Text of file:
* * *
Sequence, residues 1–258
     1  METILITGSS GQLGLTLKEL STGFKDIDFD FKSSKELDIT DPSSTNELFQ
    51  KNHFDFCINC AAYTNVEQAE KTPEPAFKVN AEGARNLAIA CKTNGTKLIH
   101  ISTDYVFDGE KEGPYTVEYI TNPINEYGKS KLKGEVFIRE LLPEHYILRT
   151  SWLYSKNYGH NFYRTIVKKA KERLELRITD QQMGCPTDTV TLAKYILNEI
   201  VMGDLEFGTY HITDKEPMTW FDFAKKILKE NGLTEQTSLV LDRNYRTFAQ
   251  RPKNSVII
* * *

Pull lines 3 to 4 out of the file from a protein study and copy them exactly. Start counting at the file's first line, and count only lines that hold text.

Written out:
    51  KNHFDFCINC AAYTNVEQAE KTPEPAFKVN AEGARNLAIA CKTNGTKLIH
   101  ISTDYVFDGE KEGPYTVEYI TNPINEYGKS KLKGEVFIRE LLPEHYILRT